On Friday, March 20, a total eclipse of the sun will take place, and observers in Sussex may see a partial solar eclipse with sources suggesting up to 90% of the sun being blocked out.
This will be the deepest eclipse in the UK since 1999.
Though witnessing a solar eclipse is a very rare and amazing thing to see it is important to follow a few safety precautions when viewing it to avoid permanent damage to your eyesight.
- It is important to note using normal sunglasses provides virtually no protection and can trick your eyes to let in more light and may do more damage.
- Building a pinhole projector is the safest way to view the eclipse and can easily be made using a cardboard box. There are instructions on how to make one here.
- Watching an eclipse directly is possible with the correct eclipse glasses. These special glasses are available for just a few pounds and block out 99.9% of the sun’s light. Check they bear the CE Kitemark to ensure they meet required safety standards.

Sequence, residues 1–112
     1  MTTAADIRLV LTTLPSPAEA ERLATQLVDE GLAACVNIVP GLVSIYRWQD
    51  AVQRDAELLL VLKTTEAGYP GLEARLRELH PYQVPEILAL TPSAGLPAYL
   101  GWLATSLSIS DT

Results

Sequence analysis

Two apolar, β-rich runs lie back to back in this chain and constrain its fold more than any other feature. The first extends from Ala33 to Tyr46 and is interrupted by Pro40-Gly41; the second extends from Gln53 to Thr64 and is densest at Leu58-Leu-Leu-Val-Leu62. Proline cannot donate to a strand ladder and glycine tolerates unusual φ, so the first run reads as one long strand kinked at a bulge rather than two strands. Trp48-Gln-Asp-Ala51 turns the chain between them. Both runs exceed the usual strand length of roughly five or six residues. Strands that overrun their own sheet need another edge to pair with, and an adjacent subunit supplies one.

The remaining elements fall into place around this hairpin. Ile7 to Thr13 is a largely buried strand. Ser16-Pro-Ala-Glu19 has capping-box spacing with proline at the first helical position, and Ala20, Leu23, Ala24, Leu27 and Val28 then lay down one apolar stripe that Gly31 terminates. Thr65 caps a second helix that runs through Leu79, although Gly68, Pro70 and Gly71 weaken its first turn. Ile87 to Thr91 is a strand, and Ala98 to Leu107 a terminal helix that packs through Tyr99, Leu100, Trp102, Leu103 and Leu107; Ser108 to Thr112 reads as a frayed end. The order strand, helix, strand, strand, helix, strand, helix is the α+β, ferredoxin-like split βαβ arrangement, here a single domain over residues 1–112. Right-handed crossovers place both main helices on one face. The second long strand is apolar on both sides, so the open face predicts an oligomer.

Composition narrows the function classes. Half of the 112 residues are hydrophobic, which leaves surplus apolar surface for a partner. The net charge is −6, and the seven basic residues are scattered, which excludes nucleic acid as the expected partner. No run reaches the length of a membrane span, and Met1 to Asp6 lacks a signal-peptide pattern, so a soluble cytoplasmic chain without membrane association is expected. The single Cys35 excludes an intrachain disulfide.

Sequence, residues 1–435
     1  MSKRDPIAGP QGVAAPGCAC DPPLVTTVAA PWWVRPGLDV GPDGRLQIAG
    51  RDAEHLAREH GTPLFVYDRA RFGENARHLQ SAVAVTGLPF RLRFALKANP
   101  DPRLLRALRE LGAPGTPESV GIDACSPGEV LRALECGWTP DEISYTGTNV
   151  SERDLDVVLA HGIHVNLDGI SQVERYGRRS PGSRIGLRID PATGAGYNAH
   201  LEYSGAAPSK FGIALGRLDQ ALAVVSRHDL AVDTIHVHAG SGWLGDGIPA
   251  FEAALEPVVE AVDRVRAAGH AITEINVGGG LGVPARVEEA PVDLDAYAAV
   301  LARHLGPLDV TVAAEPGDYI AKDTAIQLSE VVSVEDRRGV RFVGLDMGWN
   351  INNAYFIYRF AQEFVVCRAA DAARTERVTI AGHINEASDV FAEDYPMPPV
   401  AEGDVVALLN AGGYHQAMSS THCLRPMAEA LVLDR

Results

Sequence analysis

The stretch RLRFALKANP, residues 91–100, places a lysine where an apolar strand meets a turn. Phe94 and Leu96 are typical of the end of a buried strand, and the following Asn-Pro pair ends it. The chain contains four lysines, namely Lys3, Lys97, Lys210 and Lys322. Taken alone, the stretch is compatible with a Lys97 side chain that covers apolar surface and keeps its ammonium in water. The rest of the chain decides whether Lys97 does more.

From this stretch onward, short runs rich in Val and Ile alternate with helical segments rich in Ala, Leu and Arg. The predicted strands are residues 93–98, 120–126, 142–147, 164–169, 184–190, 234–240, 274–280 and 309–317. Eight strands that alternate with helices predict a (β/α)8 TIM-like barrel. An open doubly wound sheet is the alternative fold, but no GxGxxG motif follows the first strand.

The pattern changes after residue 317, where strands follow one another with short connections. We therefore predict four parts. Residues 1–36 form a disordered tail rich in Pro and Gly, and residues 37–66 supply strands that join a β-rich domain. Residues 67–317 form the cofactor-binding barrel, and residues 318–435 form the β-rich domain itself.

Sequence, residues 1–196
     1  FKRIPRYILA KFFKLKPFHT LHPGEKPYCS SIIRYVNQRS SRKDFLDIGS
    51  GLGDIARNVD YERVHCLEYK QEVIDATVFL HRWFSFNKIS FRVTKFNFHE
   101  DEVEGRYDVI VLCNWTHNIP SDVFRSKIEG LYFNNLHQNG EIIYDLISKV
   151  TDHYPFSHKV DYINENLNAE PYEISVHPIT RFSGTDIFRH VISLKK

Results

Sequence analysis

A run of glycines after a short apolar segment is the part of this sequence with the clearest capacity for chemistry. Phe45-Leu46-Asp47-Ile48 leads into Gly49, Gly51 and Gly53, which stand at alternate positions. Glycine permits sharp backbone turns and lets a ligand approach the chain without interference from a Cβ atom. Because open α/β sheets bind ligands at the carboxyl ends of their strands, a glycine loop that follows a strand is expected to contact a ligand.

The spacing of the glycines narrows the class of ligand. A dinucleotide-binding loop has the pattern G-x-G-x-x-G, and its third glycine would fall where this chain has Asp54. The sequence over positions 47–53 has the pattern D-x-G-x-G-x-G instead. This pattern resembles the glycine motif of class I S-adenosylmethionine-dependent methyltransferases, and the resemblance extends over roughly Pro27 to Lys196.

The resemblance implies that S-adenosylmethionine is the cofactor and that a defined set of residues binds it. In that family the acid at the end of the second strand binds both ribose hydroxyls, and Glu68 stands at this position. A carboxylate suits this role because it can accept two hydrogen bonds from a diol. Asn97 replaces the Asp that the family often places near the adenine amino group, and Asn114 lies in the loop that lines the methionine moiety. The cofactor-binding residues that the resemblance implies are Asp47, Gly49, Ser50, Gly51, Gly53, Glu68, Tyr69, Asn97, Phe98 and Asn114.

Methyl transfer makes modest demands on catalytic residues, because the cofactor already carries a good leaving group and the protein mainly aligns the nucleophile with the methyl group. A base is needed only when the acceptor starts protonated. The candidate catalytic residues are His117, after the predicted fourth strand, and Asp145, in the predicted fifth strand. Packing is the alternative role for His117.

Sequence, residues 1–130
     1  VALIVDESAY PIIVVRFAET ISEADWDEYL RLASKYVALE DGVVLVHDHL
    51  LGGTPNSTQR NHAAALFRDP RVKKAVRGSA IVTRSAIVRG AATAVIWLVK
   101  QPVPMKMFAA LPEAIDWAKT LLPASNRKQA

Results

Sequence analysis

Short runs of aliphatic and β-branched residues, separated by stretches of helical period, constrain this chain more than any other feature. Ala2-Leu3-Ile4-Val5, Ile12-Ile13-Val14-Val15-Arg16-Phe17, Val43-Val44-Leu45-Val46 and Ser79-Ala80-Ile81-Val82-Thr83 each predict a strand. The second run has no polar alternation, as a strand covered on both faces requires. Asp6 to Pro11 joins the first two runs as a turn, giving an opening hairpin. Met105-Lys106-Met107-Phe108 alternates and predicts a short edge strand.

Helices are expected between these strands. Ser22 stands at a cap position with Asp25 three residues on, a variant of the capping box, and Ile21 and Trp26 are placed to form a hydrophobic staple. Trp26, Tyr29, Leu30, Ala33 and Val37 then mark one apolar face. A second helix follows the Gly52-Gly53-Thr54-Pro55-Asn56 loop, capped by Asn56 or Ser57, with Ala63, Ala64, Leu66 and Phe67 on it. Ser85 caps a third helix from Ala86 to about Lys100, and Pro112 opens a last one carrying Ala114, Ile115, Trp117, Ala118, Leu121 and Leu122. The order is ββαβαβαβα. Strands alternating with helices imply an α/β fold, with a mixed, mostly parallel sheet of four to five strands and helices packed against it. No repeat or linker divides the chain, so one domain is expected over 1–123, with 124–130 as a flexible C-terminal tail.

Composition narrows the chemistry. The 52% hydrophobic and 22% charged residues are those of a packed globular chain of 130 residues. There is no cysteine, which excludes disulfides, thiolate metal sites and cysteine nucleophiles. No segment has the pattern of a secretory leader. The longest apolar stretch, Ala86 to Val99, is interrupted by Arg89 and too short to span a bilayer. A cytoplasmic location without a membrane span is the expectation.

- Welders goggles are recommended by NASA for viewing a solar eclipse and if you can get your hands on a pair of these rated 14 or higher you can look directly at the eclipse.
DO NOT USE:
- Colour film
- Any type of sunglasses
- Medical X-ray film
- Smoked glass
- CD’s or a floppy disk
Do not take any chances, if you are unsure about the safety of any viewing device, speak to an expert first.
Consult this publication https://www.ras.org.uk/publications/other-publications/2577-how-to-observe-an-eclipse-safely by the Royal Astronomical Society for further information.
The partial phase of the eclipse begins at 08:25 GMT. Maximum eclipse is at 09:31 GMT when 85% of the Sun will be blocked. The eclipse ends at 10:41 GMT